The audience becomes the performers

REVIEW / DANCE

ON DISPLAY

Raw Moves

Goodman Arts Centre Multi-purpose Studios 1 & 2 Last Friday

Choreographer Chiew Peishan and photographer Caleb Ming's collaboration, On Display, was a conceptual work that dealt with ideas of seeing and performance. It sought to place all bodies present in the space under the scrutiny of some sort of gaze.

Staged in a gallery-style white cube, notions of who was performing and who was watching became fluid in this sparse and unhurried three-hour durational work.

Dance was not used to create a dramatic and narrative situation. Dance, or rather, the act of performing a dance, was used in an attempt to delve deeper into ideas of performativity and the objectification of the body.

On Display shifted neatly from section to section, each one tackling a specific aspect of these salient themes. The work also attempted to stretch its title drawing from ideas and situations such as photo- taking, portraiture and sculpture.

Beginning with Ming's act of conspicuously filming the audience and performers using a hand-held video camera, the invasive aspects of seeing kicked in. Unabashedly, he brought his camera close to the bodies of those present, intruding into their private spaces in full view of the rest, teasing out uneasy and awkward reactions from those caught within the lens.

Just as I began wondering where all that filmed footage would go to, performer Lee Xinzhi began ceremoniously opening up a series of dividing panels, exposing the other half of the space. Then, the footage was projected onto a wall at the far end of this space. It was a series of jump-cut style shots that showed the reactions and behaviour of those filmed. Sometimes, their reactions were candid, sometimes, they were conscious of being filmed. Besides the eye of the lens, the performers also engaged in making different kinds of eye contact with members of the audience. Through these acts, the power and politics of gaze became apparent.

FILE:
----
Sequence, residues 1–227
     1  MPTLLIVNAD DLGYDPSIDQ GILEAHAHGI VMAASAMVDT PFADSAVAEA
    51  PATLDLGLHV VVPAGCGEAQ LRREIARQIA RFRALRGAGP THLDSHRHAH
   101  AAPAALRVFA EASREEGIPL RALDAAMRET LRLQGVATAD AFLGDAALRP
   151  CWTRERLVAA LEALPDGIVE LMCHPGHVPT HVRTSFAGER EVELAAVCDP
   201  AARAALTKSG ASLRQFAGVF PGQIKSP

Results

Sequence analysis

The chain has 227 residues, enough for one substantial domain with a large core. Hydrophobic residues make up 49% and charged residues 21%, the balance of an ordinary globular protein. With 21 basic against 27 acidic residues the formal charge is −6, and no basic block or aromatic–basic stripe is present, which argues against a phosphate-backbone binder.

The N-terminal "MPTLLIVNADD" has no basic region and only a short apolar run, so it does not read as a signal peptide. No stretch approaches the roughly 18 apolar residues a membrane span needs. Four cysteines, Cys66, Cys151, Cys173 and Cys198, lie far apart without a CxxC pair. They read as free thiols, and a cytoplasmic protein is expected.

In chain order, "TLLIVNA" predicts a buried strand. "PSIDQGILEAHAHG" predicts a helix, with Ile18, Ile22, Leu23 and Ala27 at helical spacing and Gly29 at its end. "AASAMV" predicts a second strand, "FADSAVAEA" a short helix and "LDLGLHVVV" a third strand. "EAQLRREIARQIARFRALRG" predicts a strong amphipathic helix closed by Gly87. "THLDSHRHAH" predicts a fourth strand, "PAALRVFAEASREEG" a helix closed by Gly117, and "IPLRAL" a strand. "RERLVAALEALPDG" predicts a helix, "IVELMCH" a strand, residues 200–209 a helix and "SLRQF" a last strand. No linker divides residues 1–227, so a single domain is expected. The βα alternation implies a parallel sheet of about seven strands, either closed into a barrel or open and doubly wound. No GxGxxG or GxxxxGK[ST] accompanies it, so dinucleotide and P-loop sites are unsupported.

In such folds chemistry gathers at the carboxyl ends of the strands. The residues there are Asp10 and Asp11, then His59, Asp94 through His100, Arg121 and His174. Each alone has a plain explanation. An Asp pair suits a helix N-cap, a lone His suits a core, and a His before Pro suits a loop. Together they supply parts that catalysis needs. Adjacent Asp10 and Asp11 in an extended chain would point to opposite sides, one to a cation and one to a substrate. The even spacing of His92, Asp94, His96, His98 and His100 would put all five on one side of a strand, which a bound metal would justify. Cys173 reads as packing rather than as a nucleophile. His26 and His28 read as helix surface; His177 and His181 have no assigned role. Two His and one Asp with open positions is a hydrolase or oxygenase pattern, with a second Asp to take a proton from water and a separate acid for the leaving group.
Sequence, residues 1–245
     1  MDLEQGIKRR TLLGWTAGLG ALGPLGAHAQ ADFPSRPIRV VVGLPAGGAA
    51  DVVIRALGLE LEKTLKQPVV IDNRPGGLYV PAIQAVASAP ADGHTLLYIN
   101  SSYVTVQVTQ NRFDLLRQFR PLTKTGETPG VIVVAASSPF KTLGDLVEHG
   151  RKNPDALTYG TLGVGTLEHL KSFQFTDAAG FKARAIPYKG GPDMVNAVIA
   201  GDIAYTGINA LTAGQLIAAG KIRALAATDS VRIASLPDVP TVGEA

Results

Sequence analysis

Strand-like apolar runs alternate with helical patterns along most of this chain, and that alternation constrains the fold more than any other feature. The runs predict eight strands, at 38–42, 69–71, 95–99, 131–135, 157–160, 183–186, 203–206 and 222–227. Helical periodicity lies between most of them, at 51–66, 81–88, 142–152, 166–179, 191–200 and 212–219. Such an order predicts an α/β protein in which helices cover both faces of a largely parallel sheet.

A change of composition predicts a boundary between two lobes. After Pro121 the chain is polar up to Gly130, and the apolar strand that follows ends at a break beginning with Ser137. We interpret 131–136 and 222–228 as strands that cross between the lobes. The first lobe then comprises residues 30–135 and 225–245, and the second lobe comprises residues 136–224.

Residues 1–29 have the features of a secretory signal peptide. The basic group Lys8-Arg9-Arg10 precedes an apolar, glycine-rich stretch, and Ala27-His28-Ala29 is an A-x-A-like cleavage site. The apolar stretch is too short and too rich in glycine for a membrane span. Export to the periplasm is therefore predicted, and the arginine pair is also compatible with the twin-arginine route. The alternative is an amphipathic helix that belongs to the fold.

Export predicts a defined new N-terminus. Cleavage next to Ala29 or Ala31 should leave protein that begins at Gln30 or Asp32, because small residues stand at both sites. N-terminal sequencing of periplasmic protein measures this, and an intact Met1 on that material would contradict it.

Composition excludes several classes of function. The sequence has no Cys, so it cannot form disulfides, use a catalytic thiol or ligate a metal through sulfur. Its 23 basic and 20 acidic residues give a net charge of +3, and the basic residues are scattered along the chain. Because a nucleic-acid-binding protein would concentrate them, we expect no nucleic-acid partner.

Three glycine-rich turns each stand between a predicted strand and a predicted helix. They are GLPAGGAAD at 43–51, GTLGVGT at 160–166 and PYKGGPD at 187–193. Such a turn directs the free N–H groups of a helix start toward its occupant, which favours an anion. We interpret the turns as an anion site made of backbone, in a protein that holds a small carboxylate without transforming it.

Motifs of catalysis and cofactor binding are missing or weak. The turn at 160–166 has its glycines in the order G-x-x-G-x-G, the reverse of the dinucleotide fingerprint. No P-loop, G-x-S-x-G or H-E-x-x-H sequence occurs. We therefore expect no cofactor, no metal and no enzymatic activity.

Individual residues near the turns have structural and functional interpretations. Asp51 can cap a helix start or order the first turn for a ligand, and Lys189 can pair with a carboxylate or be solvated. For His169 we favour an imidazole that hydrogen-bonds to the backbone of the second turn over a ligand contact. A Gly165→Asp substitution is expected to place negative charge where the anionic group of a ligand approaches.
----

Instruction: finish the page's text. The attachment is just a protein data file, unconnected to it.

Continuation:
An attempt to investigate performativity was also present in this work. For instance, through subtle observation, one soon noticed that certain sections were designed according to an improvisational structure in which sounds or movements from the audience would trigger a specific movement response from the performers.

In a way, the audience also had some responsibility in choreographing the piece. For example, an unintended shuffling of one's feet audibly would cause some of the performers to change the direction of their gaze. Other times, instructions such as how many steps to take or which direction to turn would be called out by audience members.

The presence of Ming filming the proceedings of the work and then showing the footage also made the audience performers. Watching behaviours change when people became conscious of the camera was interesting. Projecting the footage in one section of this work then ingeniously cemented our roles as performers within the choreography of the work.

But while the work does make sincere attempts to give in-depth insight into these themes, there were times when it felt like the work could not quite decide whether to foreground these rather conceptual themes or the formal aesthetics of dance. Perhaps such conceptual themes do demand the paring down of dance to investigate it more closely.

But at points, as if fearing to go in to such demanding territory, the performers would launch into long phrases of dance movement.

When put beside the investigative thread of the work, these movements end up looking superfluous. The work also tried to examine too many aspects of these inherently complex themes.

A bit of editing would help narrow the focus of the work, thus giving it more clarity.

A version of this article appeared in the print edition of The Straits Times on November 07, 2016, with the headline 'The audience becomes the performers'. Print Edition | Subscribe